Reducing my cortisol levels (hope i can maintain it) has delivered a further very significant improvement in stamina and energy, and cleared remaining gout and joint/muscle aches - plus i'm losing weight quite rapidly.

These effects have all materialised as a result of supposedly minor changes - despite my long having in both cases been well within what conservative medicine regards as 'normal' blood hormone ranges...

I escaped symptoms of adrenal related issues like palpitations and got excellent results immediately upon upping the proportion T3 (but seem to need some T4 to feel well) - possibly because I'd by then already been on quite good thyroid replacement with a lower proportion of T3 for several years (i.e. it was only a step up), was well clear of stressful work situations and the like, and had completed several courses of adrenal supplementation.

So what is this saying? It's not advice, but the suggestion seems to be that small differences can count for a lot, and that there's likely scope for quite a wide range of interactions between thyroid and adrenals. It may also suggest that care is needed to avoid or at least safely and tolerably manage interactions when treating one, or other or both.

Guess I'm wondering what's out there by way of recognised guidelines in this area. (most of what we read tends to look at thyroid replacement or adrenals in isolation - but not both as a total system)

It sounds for example like there is a lot to be said for simultaneously treating both together (not exactly news for many of us) - but that perhaps it's advisable to progress slowly so as not to create a major imbalance in the capability of the two, and in order to give both systems time to adapt and literally grow into the new balance... (between tuning of receptors, gland growth and the like there seems to be considerable scope to adjust both responses and output)

PS. There's no significant discussion of the adrenal fatigue scenario here because that's not what i've experienced - and because i've no expertise in the area. It's perhaps worth mentioning however that should the issue of supplementation arise or even be considered that it's territory requiring great care.

This STTM page sets out a broad take on some posssibilities, and more to the point probably only some of the many and potentially serious pitfalls that can arise in the form of dependencies/side effects/HPA re-programming etc :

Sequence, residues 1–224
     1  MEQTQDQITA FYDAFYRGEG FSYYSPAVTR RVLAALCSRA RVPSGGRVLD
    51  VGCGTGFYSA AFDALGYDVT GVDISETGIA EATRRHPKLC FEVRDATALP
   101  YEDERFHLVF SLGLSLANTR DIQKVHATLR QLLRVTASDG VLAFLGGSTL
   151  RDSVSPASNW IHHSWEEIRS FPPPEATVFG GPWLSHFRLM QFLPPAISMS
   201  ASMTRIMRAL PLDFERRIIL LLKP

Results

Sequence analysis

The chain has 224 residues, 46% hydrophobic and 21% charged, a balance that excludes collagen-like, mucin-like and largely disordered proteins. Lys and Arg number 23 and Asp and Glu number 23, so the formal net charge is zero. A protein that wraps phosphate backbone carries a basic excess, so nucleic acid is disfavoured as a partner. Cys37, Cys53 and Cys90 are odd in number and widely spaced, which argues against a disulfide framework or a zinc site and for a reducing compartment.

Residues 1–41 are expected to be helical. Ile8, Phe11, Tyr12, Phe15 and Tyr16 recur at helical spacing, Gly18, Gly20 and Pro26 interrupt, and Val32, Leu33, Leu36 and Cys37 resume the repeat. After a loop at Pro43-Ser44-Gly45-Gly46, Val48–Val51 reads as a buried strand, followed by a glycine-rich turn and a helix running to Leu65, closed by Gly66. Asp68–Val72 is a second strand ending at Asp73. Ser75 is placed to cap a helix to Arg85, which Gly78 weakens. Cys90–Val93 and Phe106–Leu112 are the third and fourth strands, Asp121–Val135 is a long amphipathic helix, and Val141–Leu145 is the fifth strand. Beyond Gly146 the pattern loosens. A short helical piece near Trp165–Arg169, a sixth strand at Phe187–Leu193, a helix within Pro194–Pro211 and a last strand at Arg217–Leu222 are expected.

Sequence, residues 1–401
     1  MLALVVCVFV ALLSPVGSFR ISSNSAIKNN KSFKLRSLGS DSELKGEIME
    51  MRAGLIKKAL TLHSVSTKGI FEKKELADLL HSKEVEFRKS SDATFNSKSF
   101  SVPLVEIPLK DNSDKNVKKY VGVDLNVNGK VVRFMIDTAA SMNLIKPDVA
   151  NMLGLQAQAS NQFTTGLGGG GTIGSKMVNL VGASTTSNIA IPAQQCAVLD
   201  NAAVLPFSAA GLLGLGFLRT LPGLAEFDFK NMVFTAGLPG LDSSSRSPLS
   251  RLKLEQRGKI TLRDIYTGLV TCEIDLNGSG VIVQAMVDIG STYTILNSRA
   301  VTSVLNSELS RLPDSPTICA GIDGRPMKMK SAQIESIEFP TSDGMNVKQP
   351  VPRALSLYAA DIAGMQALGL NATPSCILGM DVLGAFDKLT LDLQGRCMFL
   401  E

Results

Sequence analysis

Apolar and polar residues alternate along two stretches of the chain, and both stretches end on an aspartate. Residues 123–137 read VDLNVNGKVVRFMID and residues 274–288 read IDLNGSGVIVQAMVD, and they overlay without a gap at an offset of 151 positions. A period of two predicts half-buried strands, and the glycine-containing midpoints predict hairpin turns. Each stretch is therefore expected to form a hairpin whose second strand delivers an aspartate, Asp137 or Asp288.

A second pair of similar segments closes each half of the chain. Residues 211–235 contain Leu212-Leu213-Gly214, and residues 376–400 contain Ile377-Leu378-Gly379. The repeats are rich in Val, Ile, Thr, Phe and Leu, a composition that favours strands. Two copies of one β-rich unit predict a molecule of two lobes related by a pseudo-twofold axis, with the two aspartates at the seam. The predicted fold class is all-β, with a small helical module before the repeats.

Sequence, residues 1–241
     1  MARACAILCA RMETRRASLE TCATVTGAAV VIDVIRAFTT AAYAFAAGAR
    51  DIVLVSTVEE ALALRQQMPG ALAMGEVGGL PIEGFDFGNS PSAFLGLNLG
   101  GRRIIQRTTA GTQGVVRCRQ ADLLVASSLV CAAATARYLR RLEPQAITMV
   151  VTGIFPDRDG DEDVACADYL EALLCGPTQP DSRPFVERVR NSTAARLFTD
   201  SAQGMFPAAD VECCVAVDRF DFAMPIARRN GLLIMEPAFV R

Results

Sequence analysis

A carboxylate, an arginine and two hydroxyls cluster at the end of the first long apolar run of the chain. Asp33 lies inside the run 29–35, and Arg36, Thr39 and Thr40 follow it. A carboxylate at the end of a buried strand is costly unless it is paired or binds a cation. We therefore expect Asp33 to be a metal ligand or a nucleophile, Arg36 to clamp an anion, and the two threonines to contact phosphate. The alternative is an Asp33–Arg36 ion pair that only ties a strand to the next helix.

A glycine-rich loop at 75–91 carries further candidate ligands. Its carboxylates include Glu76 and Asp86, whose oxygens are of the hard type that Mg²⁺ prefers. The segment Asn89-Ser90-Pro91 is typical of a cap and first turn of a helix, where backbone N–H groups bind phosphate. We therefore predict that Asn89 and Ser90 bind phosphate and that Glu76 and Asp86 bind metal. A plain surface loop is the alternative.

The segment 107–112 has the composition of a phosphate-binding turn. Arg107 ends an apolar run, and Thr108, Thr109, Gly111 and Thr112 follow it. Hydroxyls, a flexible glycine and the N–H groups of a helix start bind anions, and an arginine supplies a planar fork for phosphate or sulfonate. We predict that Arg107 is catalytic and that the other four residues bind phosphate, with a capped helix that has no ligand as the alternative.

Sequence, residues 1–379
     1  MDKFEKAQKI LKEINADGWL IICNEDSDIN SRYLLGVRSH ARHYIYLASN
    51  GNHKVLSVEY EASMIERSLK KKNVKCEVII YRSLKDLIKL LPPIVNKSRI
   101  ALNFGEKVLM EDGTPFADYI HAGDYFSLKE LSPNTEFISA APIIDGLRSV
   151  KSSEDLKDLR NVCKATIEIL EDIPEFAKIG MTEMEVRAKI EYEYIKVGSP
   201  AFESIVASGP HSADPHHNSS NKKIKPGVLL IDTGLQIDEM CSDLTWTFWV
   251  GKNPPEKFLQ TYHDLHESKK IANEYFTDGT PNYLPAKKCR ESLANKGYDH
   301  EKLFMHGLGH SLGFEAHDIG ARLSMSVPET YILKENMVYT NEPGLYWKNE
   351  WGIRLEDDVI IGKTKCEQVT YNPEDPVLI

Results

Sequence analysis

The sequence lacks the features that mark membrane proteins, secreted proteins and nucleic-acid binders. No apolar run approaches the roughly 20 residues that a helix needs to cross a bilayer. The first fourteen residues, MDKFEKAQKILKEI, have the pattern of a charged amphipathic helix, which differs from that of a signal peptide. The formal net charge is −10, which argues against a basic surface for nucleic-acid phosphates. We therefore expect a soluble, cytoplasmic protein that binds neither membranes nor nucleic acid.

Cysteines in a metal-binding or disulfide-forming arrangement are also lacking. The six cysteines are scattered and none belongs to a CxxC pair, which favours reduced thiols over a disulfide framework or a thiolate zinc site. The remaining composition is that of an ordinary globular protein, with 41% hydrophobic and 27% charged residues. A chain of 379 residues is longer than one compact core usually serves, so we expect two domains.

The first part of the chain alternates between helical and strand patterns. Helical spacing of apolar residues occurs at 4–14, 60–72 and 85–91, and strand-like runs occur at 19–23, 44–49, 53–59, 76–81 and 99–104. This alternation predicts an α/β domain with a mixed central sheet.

Definitely best approached with expert professional assistance....


9 Replies

Thanks for posting..



thanks varja will be on my reading list - off to physio this am - looks as though this could explain a lot for me - much appreciated : )


If you want to talk about things like this and more, unfortunately I don't think this forum is the one for getting much technical feedback, and of course it's narrowed down by it's mainly UK base... have you tried?

Some interesting concepts and approaches there, and discussion of a type where this kind of supposition would be well chewed over!


Ta P. Sounds good. I'll have a look. The aim here was to both share the sort of picture that to my mind is emerging on the adrenal/thyroid complex (it looks like they really shouldn't be treated in isolation?) - and to solicit some input..



This is a very interesting post rajra, and one that I can take on board. I have recently started T3 treatment of Cynomel Mexican, and was doing very well. Starting very slow and logging very carefully. The I just hit the 7week marker and was upto 50mcgs and tolerating well, but instead of dividing in the day ie 4 1/2 tablets of 25mcgs I took a whole tablet of 25mcgs in the morning and another twelve hours apart. This cause atrial fibrilations etc, I kept calm and stopped as of for 3 days now, watching the signs. I think I could have hit the adrenal cortisol barrier, and having to work that bit harder because they have speeded up 60 beats on Levo now upto 80. It is a fine tune game, and I am open to any suggestions especially as I have studied that some sort of adrenal support may be needed. Would welcome any advice, and one again thank you for this article, I am a great believer in Dr Lowe and Dr Peatfield


Thanks varja I have now read your posting again and looked at the Dr Lowe link. For me adrenals are always at the core especially as i had a kidney removed so may or may not have a right adrenal gland and it may well be damaged as the surgeon was on his first solo op as well as my having a severe post op infection - oh joy!

I seem to tolerate cynomel at between 30 - 40 mcg and with support from Nutri Adrenal x 6 and Nutri Thyroid x 2. Might be worth a try marmaris - like you I can't seem to take enough.

I have had a couple of crazy high blips recently - a few weeks ago I reacted weirdly to a pre dental check anaesthetic only to find later it had adrenaline as a component. Same treatment with one which is adrenaline free and I was fine.

This week I was tree pruning when a branch hit me in the face and split my lip. My physical reaction was akin to having been in frontline battle mode and left me feeling rather stupid. Mouth is much better, face only slightly bruised - ice and arnica are wonderful and only needed one steristrip but it was asif the "shock" has lasted for days! Both incidents indicate adrenal dysfunction to me.